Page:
Category Archives: assistive technology

Silent Advocates

I am happy to let you know about two new books that rely on the writings of autistic typers to understand autism. Professor Edlyn Pena of Cal Lutheran University has edited two compilations of essays, one more scholarly and in-depth, the other using more contributors, but briefer. I have contributed my two cents to both books.
Last weekend people came to Cal Lutheran University for a conference celebrating the books’ publications and met with eight of the ten contributors to Communication Alternatives. It was a happy day seeing the changes in attitude and recognition since I started on my typing journey.
I hope this film from the conference will move you. Our messages are honest and truthful. They are also messages from autistic people themselves.

I hate to be a pain, but I felt I must juxtapose the last film with this one. This is what we are up against. Who do you trust to understand autism better?

No more talking about us without us.

The Anniversary of “In Two Worlds”

It is the anniversary of the publication of my greatest achievement, my novel, In Two Worlds. Why do I say my greatest achievement? After all, my first book, Ido in Autismland, is better known. The answer covers many things.

I know many typers with autism who have written books. They are all nonfiction memoirs or essays, as is Ido in Autismland. To my knowledge, In Two Worlds is the first, and only, novel of fiction, narrative and dialogue ever written by a nonspeaking autistic person about the autistic experience.

It is for this reason that I brag a bit. I understand autism. I understand my inner world and I understand the inner experience of In Two Worlds’ wonderful hero, Anthony. You, the reader, experience autism through his eyes. You experience the visual sensory kaleidoscope that overwhelms him time and again. You experience his anguish at being motor trapped in his body unable to show anyone he understands.

That is, anyone except you, the reader, because you hear his thoughts. Only Anthony and the reader are privy to his mind. Everyone else in his life misses his interior because his exterior is so compromised.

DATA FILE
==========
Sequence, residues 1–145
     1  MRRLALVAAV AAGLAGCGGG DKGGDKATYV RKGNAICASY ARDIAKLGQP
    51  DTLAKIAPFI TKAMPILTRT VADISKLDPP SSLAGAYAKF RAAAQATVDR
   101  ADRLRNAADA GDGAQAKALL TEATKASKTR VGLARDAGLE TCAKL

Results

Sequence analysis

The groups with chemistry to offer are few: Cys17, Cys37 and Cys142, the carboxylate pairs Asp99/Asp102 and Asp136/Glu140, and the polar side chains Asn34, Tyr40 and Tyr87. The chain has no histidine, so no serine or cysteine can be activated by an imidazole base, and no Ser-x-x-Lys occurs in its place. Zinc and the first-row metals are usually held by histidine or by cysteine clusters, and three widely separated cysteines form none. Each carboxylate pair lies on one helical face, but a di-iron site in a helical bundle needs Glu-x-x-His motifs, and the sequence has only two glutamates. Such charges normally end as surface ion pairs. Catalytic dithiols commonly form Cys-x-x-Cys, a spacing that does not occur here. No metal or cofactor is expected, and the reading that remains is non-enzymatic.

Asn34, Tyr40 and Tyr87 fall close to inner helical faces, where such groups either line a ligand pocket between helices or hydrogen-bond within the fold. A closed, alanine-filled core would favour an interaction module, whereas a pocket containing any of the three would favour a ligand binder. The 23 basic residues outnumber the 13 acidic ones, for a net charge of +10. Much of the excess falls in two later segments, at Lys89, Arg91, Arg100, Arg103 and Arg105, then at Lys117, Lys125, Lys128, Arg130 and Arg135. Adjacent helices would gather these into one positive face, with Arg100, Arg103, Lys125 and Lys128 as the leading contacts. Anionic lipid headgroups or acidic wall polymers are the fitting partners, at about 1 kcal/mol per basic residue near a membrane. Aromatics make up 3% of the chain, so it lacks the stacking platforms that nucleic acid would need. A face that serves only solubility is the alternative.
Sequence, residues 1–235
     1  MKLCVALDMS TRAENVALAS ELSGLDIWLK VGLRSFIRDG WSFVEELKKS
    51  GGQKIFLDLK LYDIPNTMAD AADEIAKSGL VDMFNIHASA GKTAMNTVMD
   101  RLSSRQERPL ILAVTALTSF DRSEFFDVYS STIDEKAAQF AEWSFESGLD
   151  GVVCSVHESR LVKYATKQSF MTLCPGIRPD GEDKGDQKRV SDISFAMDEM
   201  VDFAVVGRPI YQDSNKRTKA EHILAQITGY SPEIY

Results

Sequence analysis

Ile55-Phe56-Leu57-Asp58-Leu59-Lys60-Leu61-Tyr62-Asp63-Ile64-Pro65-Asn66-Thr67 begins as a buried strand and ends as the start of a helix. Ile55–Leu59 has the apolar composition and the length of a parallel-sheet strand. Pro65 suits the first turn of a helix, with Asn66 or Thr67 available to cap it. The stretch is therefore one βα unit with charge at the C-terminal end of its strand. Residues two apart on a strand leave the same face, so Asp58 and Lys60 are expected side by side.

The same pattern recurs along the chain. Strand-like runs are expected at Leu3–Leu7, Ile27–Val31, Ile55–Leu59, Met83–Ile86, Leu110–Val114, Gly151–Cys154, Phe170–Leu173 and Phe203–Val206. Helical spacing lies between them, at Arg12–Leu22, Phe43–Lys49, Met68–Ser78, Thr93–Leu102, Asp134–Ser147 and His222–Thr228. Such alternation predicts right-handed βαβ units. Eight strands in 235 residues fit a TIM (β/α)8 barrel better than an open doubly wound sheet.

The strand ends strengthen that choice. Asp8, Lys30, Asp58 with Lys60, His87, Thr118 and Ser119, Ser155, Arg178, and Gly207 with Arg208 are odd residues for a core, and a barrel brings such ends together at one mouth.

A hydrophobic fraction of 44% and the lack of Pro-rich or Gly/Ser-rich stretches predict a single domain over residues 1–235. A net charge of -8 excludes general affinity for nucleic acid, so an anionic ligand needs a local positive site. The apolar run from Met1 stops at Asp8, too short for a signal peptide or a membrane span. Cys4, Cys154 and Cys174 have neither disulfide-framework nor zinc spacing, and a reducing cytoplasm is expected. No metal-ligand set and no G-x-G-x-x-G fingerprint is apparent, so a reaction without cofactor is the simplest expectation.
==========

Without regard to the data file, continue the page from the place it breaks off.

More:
In Two Worlds, a BookLife Prize quarterfinalist in fiction, has been compared by readers to important past works of fiction that shed light on other mistreated or misunderstood peoples, and whose plight once depicted in these novels inspired societal change for the better.

And who is more misunderstood by others than a person who can’t speak or communicate thoughts? Who is more misunderstood than a person who cannot show he is intelligent and is physically controlled by motor compulsions that appear nonsensical?

The first part of the novel is devoted to Anthony’s life before he can communicate. He is frustrated, lonely, and underestimated by everybody, family and professionals, and bored of baby talk and baby lessons. He lives his life waiting, hoping, stimming, and finally he gives up because year after year nothing changes for him. Until one day he finally meets his liberator, Marina, who teaches him at 16 how to type to communicate and from this his entire life changes.

The world of autism, as anyone familiar with my blog knows, is filled with powerful opinionated educators, specialists and dolts. They do not take challenges to their theories lightly. Anthony is liberated by being able to communicate, but many new struggles are just beginning for him as he now must fight for his right to an education and to be recognized as a sentient being. It is not an easy journey.